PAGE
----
26 February 2010

Which book is most likely to make you a mouth-breather as it belts out a perfect rendition of "Mr. Roboto"?

It may appear meek on the outside, but you better believe that Sarah Orne Jewett's Country of the Pointed Firs can drink you under the table and still flawlessly hit every note at 80s night karaoke extravaganza. Strongest tunes in its repertoire?: Falco's "Rock Me Amadeus," Phil Collins's "Sussusudio," and Corey Hart's "Sunglasses at Night"

24 April 2007

Which book regularly has exploitative sex with its psychoanalyst?

I can't even begin to list all of the emotional baggage that Samuel Richardson's Clarissa: or the History of a Young Lady (the unabridged version, of course) must carry around inside day after day. For that matter, I can't even begin to list all of the emotional baggage I carry around inside for having read it. Those are weeks of my life I'll never get back.

03 April 2007

Hot new writers to check out!

It is difficult to breathe with this albatross of student research papers hanging around my neck. Friends, [she sighs with exasperation, throwing her hands up into the air] I cannot create like this, I tell you!

So, until I am freed from this burden, read these two books. By the time you finish both and post your responses to them here, I will have finished these papers, guaranteed. Deal?

Praise for Cheryl Strayed's first novel, Torch:

"Torch is a deeply compelling, wonderfully crafted story about a journey into, through, and past grief . . . I loved the honesty of this novel, the way it looked at every aspect of loss and recovery -- the pain, the joy, the absurdity, the anger, the despair, the hope, and the great beauty -- without ever holding back."
---Elizabeth Berg

Praise for Salvador Plascencia's first novel, The People of Paper:

"A stunning debut by a once-in-a-generation talent. I don't know of a young American writer more original, innovative, or intense than Salvador Plascencia. The People of Paper is harrowing and gorgeous, experimental in the truest sense: it creates new means to explore essential and timeless emotional subjects."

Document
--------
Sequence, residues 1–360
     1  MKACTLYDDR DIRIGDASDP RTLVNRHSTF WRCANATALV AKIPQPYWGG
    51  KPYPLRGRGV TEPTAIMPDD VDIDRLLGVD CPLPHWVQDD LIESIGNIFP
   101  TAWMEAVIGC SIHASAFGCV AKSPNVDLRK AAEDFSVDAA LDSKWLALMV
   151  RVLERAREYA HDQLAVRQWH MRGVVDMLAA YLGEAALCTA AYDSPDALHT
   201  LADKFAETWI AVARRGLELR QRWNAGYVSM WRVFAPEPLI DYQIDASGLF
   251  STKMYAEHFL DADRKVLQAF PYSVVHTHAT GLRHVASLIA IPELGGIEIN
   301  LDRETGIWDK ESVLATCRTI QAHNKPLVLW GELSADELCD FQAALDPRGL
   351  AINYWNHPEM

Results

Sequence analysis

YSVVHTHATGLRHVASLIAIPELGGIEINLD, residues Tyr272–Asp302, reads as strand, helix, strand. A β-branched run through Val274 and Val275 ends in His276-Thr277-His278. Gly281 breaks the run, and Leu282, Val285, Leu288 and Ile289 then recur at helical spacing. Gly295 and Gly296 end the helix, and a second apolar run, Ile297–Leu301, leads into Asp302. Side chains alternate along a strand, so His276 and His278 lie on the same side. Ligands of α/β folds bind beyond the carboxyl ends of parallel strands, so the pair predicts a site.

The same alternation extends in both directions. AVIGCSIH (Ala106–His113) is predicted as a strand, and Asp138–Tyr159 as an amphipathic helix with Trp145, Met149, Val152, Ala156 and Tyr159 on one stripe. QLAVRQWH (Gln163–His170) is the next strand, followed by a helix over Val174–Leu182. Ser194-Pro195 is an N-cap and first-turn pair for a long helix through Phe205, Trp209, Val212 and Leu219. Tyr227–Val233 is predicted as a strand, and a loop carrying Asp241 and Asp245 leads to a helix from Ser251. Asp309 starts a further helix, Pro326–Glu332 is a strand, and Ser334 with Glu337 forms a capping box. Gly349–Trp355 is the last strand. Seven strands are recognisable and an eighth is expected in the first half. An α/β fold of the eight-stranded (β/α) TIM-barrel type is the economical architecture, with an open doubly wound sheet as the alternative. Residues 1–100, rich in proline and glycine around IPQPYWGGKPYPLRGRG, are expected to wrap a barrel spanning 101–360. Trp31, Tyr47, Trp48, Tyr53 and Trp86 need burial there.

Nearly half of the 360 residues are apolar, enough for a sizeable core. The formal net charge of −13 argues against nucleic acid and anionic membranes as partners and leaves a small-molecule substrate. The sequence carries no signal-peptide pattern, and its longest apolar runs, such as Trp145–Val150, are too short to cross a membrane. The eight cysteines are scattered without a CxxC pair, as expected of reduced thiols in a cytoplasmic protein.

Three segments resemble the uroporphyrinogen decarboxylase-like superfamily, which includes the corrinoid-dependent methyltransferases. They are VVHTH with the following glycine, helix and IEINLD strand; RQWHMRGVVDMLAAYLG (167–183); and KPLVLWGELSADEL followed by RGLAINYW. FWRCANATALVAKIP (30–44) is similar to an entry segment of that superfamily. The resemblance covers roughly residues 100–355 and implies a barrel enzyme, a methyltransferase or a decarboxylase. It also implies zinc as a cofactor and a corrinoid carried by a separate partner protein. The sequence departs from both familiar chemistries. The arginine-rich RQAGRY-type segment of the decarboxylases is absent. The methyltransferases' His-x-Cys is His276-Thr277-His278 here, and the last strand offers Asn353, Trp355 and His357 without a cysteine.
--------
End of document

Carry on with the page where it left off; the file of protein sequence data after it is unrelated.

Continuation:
---George Saunders

17 March 2007

A St. Patrick's Day Tribute: pick your favorite work by or about James Joyce.

Happy St. Patty's Day, friends. (And, of course, a warm happy birthday to my Grandpa Lee, 1908 - 1999.) To help get us all in the appropriate spirit, I thought I'd share my favorite work about James Joyce, but feel free to jump in with your favorite picks by the infamous Dubliner, too.

I pick the ultra-sexy film, Nora (2000, directed by Pat Murphy, starring Susan Lynch and Ewan McGregor), that explores the intensely emotional and provocative relationship between James and Nora Joyce. I found it sexy enough reading Joyce's work before seeing the film; after seeing it, you'll never be able to read his stuff without conjuring up steamy images of the fiery McGregor and Lynch . . . mmm, yummy.

Really, need I say more? Yowsa!

01 March 2007

Which book is most likely to seem witty and hip when you're Instant Messaging and then turn out to be a little creepy when you meet up for drinks?

I'm not ashamed to admit it: I can picture myself developing quite the online-crush on James Joyce's Finnegans Wake, being impressed by its quick and eccentric written banter, only to be weirded out by its complete lack of social skills in any face-to-face encounter. Suddenly, it'd be that guy who stares really intensely at the middle of your forehead and laughs like a machine-gun after comments you made that weren't intended to be funny.

13 February 2007

Growing up, which book would have donned inflatable water-wings far longer than it was developmentally acceptible to do so?

Remember that one friend you had at the pool who actually insisted on waiting an entire 30 minutes after eating before getting back in to swim because he was convinced that severe cramping would set in otherwise? I can almost picture it: Portnoy's Complaint sitting nervously under a huge shade umbrella, watching the second-hand of the clock while his friends splash him, jeering.

After all, this *is* why we love him so.

06 February 2007

If Anna Karina were a book, which book would she be?

What book does the "smart, sexy and avant-garde" thing better than The Lost Lunar Baedeker by Mina Loy? Be sure to check out the poem "Three Moments in Paris" (you can read Part I here) and, of course, Loy's famous "Feminist Manifesto" (153-56).